We help because we are Jews — My mission trip to India

India is a country of extreme contrasts and contradictions. One of the first things our local Indian guide told us was “anything you say about India, the opposite is also true!” We found this to be the case throughout our two week journey in India. My husband John Crouch and I joined the Prime Minister’s Council & King David Society Mission to India this past March. This was a mission trip with Jewish Federations of North America.

The mission was attended by 200 participants from 27 communities in both Canada and the U.S. While we were the only two people representing Milwaukee, we were graciously welcomed by other larger delegations where we made many new friends and connected with our wonderful friends from JFNA and National Women’s Philanthropy.

This sign marks the part of Cochin, India that was settled by Jews and still has all things Jewish, including a synagogue. Photo by Joan Lubar.

During our time in India, we learned about the local culture, the Jews of India, the work of our overseas partners: the Joint Distribution Committee, the Jewish Agency for Israel and World ORT, and everything was put into perspective by our three scholars and rabbis who joined us throughout our time there.

We started the pre-mission trip in Cochin, in the southern part of India. The Cochin Jews are considered to be the oldest, continuously living Jewish community in the world. They descended from Judean Jewish traders who began to settle the Indian coast some 2,500 years ago. In addition, there are two other groups of Jews living in India. As a result of India gaining Independence from Great Britain in 1947, the majority of Jews have made aliyah to Israel and today there are approximately 5,000 Jews left out of a population of over 1.3 billion in India. There are 18 synagogues, eight are in Mumbai and few are truly active.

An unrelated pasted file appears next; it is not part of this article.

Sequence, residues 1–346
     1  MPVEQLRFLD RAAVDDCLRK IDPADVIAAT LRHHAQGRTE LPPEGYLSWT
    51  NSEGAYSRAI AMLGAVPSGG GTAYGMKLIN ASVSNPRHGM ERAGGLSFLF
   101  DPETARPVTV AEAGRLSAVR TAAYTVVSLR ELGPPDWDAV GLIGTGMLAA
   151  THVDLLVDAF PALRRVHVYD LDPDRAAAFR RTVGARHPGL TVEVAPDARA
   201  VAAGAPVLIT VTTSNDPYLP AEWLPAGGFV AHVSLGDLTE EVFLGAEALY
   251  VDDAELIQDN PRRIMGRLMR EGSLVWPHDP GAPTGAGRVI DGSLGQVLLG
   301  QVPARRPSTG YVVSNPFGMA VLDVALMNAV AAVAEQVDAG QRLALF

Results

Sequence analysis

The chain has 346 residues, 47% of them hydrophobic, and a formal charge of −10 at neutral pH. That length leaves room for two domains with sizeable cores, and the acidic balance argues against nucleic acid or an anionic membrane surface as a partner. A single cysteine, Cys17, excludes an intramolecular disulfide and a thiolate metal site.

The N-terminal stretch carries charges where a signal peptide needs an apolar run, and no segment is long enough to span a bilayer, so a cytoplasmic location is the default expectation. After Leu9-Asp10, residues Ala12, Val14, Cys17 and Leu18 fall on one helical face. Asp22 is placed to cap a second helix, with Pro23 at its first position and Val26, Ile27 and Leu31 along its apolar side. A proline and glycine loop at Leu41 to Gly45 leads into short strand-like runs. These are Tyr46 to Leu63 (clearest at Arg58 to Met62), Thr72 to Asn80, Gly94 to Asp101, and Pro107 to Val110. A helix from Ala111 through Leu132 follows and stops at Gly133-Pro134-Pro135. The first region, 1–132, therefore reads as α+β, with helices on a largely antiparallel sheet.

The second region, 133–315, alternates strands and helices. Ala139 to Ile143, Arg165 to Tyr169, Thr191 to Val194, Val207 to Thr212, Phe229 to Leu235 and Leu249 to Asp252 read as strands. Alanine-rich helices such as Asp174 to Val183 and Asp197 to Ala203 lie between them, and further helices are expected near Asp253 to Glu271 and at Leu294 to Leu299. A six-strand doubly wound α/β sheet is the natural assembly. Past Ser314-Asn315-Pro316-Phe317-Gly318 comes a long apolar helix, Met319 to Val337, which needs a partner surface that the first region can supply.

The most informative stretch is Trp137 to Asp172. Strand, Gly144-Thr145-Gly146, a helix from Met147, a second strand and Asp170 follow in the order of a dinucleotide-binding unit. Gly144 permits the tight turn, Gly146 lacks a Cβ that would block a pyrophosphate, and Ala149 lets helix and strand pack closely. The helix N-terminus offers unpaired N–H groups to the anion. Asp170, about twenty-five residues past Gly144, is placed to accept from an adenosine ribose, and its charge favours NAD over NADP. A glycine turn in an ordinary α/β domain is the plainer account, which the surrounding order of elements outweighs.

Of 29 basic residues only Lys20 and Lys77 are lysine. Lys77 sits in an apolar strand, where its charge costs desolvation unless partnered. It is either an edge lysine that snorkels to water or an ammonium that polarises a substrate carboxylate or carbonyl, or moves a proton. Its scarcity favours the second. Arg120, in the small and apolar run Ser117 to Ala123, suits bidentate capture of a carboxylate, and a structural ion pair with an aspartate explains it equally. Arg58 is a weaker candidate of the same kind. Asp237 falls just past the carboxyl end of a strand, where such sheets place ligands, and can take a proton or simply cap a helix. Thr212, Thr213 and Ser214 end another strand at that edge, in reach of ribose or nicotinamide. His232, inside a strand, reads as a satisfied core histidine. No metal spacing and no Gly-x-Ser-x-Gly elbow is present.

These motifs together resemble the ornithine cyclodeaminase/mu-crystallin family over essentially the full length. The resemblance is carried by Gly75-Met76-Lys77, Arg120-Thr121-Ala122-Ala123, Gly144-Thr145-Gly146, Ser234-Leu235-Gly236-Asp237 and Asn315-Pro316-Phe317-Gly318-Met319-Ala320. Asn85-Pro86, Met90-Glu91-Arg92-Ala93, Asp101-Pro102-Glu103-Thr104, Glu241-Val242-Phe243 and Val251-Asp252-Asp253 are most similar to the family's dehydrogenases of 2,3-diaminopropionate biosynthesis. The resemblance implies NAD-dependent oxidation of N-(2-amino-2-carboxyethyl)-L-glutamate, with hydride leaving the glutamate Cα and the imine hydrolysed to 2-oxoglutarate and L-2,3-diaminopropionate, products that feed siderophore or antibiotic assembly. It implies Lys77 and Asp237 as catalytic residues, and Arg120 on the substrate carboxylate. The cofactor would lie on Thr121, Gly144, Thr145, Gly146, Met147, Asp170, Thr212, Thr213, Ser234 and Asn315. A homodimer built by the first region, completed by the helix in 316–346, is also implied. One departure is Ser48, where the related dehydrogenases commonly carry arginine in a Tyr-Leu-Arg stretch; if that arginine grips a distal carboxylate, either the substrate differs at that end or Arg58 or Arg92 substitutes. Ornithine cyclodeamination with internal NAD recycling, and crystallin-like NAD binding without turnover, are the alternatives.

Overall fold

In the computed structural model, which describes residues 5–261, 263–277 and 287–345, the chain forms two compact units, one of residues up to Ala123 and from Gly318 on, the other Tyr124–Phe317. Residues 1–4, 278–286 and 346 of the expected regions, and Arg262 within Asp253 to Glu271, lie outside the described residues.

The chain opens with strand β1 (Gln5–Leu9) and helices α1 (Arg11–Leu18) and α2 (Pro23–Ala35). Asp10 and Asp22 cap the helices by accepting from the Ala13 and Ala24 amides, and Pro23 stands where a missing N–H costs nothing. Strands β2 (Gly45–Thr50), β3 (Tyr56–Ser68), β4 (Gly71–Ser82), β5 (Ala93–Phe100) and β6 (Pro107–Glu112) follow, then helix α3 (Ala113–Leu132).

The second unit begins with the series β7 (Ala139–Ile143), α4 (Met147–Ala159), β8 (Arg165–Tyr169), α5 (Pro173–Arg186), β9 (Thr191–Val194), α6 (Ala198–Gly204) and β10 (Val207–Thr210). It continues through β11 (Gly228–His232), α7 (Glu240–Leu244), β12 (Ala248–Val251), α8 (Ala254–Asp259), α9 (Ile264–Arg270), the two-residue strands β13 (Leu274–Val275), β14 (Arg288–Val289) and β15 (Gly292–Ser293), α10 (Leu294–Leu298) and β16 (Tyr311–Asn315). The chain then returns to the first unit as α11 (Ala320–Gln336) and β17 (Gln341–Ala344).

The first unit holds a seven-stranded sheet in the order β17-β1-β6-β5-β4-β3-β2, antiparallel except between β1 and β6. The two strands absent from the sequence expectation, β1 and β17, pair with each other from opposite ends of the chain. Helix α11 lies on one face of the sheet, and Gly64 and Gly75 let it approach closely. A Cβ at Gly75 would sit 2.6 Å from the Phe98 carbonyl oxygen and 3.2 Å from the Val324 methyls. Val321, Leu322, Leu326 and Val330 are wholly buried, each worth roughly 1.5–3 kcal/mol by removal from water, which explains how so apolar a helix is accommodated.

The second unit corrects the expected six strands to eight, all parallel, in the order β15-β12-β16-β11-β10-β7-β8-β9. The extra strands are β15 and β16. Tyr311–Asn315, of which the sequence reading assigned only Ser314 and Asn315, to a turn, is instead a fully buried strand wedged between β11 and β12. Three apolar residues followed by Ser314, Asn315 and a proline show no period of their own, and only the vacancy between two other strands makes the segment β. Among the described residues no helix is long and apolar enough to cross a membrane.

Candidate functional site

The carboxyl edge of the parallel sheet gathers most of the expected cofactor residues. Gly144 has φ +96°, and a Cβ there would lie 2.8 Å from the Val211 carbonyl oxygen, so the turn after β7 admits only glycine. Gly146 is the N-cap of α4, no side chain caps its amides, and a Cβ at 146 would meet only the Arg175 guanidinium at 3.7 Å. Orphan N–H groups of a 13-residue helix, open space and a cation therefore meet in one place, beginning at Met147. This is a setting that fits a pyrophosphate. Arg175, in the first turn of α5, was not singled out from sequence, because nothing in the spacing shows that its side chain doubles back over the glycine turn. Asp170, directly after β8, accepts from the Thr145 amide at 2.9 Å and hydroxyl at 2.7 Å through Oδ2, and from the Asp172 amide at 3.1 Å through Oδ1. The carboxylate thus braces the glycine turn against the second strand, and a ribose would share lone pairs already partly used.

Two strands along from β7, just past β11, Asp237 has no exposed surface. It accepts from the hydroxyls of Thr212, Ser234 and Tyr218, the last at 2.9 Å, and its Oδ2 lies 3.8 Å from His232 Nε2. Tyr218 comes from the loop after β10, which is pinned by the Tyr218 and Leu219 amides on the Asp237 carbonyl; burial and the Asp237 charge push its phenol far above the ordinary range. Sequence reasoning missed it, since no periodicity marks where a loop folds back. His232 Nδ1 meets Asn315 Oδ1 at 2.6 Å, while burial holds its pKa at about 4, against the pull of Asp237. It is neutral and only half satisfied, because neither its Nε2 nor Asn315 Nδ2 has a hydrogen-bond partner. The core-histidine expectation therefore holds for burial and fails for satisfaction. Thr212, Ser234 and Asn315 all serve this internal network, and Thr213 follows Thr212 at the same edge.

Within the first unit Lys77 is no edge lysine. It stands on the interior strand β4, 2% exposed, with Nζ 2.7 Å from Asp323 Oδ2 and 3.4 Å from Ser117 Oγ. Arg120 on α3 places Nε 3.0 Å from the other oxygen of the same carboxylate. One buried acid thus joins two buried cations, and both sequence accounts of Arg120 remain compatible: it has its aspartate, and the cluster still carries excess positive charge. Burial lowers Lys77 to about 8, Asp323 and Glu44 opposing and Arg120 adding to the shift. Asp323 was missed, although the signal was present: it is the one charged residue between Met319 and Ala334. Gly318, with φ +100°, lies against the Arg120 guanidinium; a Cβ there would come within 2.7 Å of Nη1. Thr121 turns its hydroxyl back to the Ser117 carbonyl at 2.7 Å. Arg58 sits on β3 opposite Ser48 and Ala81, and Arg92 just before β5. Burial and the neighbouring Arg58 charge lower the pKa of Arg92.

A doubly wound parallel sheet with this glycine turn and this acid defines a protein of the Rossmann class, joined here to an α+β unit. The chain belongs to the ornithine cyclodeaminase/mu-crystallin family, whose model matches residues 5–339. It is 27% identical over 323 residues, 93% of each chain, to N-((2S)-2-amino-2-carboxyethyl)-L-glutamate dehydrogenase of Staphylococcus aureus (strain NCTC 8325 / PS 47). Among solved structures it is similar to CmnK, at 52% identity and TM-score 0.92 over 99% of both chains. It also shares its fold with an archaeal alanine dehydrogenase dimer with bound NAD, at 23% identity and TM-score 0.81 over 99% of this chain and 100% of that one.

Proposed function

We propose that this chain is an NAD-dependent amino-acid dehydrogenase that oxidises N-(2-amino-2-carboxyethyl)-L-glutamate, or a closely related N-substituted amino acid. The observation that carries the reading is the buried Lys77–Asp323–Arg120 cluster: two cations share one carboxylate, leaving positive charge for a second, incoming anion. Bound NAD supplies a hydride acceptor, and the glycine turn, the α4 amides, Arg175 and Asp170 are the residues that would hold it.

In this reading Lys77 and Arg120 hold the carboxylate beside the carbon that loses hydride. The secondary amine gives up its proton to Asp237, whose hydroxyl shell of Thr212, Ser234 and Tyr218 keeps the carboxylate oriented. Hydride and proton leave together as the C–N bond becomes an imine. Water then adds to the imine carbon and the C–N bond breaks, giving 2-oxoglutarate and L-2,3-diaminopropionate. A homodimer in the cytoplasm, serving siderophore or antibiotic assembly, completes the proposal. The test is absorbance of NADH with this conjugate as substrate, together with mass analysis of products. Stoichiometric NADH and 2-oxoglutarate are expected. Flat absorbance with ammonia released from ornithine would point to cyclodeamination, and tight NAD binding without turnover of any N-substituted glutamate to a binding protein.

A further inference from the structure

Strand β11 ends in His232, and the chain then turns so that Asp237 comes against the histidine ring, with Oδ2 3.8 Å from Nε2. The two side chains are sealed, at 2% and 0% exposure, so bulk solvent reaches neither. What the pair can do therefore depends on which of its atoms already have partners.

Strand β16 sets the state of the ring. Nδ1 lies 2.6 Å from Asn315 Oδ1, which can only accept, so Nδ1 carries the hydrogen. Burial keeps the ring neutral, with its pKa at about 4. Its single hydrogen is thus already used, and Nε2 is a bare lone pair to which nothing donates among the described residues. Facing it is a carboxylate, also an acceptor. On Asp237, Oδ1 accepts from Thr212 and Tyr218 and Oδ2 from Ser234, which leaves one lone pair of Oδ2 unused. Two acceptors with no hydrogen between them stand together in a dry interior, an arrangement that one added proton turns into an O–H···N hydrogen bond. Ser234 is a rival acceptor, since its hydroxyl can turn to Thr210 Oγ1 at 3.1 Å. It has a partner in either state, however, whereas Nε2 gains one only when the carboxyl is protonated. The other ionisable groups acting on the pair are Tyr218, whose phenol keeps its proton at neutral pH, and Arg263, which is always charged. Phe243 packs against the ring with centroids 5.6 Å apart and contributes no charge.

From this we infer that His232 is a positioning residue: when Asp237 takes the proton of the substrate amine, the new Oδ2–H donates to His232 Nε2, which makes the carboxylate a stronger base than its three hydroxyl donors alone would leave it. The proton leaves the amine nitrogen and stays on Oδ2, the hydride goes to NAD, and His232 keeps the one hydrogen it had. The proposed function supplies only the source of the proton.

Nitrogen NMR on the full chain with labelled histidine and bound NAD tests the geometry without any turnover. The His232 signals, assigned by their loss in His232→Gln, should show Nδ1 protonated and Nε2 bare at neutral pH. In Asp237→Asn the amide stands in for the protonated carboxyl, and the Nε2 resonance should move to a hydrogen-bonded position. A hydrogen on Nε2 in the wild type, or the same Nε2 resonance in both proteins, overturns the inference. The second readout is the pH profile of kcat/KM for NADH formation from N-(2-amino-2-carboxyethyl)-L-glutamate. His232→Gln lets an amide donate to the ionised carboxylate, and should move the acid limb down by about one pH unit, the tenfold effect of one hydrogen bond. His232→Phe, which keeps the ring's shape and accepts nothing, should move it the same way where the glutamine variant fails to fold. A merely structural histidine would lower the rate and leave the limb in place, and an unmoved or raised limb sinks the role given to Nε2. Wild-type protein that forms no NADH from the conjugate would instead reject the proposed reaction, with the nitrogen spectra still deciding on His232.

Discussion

Joan Lubar and a participant of Om, a non-profit that assists differently abled young adults with opportunities that help them lead a meaningful life of dignity and self-worth. Om is assisted by the Joint Distribution Committee, the Jewish nonprofit that works in 70 countries.

There are all different Jewish affiliations represented in India: Reform, Zionist Association, B’nai B’rith, Chabad and several other associations. We learned that anti-Semitism doesn’t really exist in India and in fact there is not a word for anti-Semitism in Hindi.

While traveling throughout the country from Cochin, to Jaipur, to Agra, where the Taj Mahal is, to New Delhi and ending in Mumbai, we experienced the heavily populated and chaotic streets while riding in rickshaws, tuk-tuks or buses. We visited the fragrant, picturesque fish market, flower market and fruit and vegetable market in the early dawn in Mumbai. We met with the U. S. Ambassador at his residence in the American Embassy where we enjoyed a cocktail reception. We met separately with the Indian and Israeli ambassadors. We bore witness to the horrific attack on the Chabad House in 2008 and lit candles for the victims. We dined at the City Palace in Jaipur, home to the Royal Family of India. We stayed overnight in the beautiful Taj Mahal and Rambagh palaces.

We visited the Gabriel Project Mumbai which works to move impoverished children out of the slums. We saw the work that our partner JDC and others are doing to bring peace, love and a better life to this part of the world.

This sign marks the part of Cochin, India that was settled by Jews and still has all things Jewish, including a synagogue. Photo by Joan Lubar.

This mission was truly a trip of a lifetime! Experiencing the beauty, color and kindness of the Indian culture, while at the same time witnessing the depth of poverty and overcrowding of the streets, slums and cities.

We experienced firsthand that WE help ALL those in need, not because they are Jews, we help them because WE are Jews.

Namaste.